By Jodi Bondi Norgaard – Some people have an “aha moment” while summiting a mountain or walking alone on a beach during sunset. Others find clarity while meditating and practicing mindfulness. Me? My moment of clarity? The time when I thought, I see the problem, there must be a better way, and why can’t I be the one to fix it…happened at a toy store. Not quite as glamorous, but it goes to show inspiration lies in unexpected places!
My daughter, Grace, was nine at the time and had just finished soccer practice. Her face was still pink from exertion and her hair was in messy pigtails when we entered our local toy store in need of a wrapped gift for a birthday party she was attending in 30 minutes. We were quickly moving through the aisles, when a line of dolls grabbed my attention. They were dressed with belly baring clothing, high heels and make-up. I picked up one of the dolls and the name on the hangtag was ‘Lovely Lola.’ At the moment I knew there wasn’t one parent who wanted their daughter to look, act, or be called ‘Lovely Lola!’ But I bought the doll, while scolding the sales people in the toy store as my daughter ran behind me asking, “Mom, is that the birthday gift for Maddie?” I said, “No, I am buying it to show Dad,” which confused her even more!
This encounter with Lovely Lola crystalized something I already knew. Our culture, specifically the toy industry, was doing a lousy job providing girls with strong, smart, and powerful images. Maybe I couldn’t change an entire culture, but there had to be something I could do. What started as an idea in the toy aisle, led me to create a positive imaged product, be invited to the White House as a thought leader, ultimately sell my company, and now act as an activist promoting girl power, women power, and gender equality. All because of Lola.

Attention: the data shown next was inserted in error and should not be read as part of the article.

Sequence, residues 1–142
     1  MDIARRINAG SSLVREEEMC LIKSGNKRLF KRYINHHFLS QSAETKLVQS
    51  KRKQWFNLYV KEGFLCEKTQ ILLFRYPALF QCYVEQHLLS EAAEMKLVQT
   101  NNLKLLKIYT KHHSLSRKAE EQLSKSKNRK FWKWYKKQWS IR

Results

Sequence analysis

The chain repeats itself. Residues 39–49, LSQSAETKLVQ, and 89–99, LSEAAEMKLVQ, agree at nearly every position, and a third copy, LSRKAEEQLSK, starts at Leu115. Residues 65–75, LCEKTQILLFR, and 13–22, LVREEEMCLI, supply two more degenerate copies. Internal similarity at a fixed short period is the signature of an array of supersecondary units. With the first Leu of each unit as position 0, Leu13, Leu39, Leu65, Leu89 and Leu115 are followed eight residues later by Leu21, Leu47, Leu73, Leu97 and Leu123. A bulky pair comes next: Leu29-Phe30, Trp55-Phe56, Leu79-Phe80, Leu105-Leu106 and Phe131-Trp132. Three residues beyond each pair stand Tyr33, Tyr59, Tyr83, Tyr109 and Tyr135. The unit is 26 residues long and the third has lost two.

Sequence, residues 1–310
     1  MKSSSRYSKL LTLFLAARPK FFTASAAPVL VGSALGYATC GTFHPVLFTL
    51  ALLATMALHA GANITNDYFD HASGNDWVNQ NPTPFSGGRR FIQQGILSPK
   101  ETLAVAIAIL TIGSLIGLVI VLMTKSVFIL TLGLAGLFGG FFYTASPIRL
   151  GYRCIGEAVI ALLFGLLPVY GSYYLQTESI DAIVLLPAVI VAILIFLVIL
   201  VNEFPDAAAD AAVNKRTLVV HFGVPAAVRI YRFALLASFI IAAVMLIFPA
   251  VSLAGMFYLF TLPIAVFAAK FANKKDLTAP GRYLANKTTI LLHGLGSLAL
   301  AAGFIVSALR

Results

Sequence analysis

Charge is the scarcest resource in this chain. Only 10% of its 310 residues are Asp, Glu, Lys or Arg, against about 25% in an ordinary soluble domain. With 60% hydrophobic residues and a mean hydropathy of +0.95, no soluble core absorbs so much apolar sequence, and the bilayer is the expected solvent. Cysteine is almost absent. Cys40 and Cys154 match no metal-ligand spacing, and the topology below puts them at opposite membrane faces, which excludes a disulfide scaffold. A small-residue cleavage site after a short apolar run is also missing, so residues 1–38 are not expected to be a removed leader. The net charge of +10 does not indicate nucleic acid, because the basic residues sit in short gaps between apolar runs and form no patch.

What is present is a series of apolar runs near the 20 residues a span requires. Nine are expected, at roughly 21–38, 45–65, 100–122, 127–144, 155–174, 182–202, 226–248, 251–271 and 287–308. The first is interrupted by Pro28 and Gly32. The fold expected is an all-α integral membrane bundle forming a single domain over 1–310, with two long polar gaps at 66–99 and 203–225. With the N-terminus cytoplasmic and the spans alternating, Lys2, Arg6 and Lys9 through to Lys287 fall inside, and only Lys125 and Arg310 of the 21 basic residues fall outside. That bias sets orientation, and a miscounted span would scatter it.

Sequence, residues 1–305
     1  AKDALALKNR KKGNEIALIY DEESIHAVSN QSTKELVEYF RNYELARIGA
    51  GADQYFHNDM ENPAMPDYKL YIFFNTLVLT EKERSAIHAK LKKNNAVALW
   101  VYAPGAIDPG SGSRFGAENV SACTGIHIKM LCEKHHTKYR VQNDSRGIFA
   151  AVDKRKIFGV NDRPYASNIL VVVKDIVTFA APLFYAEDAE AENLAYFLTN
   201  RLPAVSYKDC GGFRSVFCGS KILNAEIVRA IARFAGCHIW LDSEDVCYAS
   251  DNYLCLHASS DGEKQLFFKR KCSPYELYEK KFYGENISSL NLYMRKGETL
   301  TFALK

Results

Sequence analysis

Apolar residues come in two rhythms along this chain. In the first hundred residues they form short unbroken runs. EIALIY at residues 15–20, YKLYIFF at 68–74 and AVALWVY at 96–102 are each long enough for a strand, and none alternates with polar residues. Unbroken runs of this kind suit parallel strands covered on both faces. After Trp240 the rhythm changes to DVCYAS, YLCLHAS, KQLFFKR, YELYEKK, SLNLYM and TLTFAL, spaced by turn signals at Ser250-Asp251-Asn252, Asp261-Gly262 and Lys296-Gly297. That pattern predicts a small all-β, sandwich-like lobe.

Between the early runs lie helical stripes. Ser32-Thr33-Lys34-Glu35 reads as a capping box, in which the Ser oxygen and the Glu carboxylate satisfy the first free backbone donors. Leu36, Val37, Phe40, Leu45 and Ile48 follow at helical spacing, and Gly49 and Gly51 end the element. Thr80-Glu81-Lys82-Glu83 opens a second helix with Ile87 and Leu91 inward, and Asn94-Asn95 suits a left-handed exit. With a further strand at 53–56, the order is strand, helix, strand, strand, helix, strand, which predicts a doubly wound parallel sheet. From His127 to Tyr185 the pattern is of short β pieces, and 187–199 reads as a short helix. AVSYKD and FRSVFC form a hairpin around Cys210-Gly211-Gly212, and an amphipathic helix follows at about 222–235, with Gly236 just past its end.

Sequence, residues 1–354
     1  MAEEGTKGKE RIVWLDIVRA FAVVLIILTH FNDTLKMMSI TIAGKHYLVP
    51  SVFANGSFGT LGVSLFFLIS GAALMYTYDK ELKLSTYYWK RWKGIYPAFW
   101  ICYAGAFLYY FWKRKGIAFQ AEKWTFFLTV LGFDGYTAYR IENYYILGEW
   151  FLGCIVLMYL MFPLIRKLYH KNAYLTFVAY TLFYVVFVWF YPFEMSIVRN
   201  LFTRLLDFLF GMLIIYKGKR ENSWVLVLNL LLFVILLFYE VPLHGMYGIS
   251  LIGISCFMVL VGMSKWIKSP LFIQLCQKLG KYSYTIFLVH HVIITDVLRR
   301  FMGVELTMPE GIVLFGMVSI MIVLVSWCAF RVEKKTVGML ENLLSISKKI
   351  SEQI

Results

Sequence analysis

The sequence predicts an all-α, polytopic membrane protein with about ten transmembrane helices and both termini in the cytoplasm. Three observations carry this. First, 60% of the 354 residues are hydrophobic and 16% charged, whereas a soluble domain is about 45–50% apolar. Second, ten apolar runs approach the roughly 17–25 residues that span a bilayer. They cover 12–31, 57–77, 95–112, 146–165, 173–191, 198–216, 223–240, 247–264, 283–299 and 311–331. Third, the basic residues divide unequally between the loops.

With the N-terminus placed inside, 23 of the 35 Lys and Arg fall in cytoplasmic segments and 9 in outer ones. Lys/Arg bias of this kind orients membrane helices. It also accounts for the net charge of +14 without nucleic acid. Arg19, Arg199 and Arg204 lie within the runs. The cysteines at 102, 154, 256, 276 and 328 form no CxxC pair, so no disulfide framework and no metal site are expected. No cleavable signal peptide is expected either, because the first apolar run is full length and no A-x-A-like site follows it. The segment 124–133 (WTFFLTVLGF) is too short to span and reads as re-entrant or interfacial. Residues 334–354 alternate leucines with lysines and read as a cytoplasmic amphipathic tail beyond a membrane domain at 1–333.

Recently, while preparing for a TEDx Talk, I was having difficulty honing in on the right topic. When I discussed this with a friend, he said, “You have been really persistent.” I knew that was it. Above all, I have been persistent and determined which has been fueled by passion.
I didn’t anticipate the long road ahead of me, the hard battle I would begin to fight, and that my persistence and determination would serve me well.
My moment in the toy aisle was a moment of clarity, but it was preceded by personal experiences of gender inequality and gender stereotyping that led me to realize the importance of girls knowing what their minds and bodies can do versus what their bodies look like. And although gender issues were on my radar for years, I didn’t know what I could do personally to change it, so I pushed it aside…until I met Lola. That’s when I then realized how I was going to deal with gender issues, but I didn’t anticipate the long road ahead of me, the hard battle I would begin to fight, and that my persistence and determination would serve me well.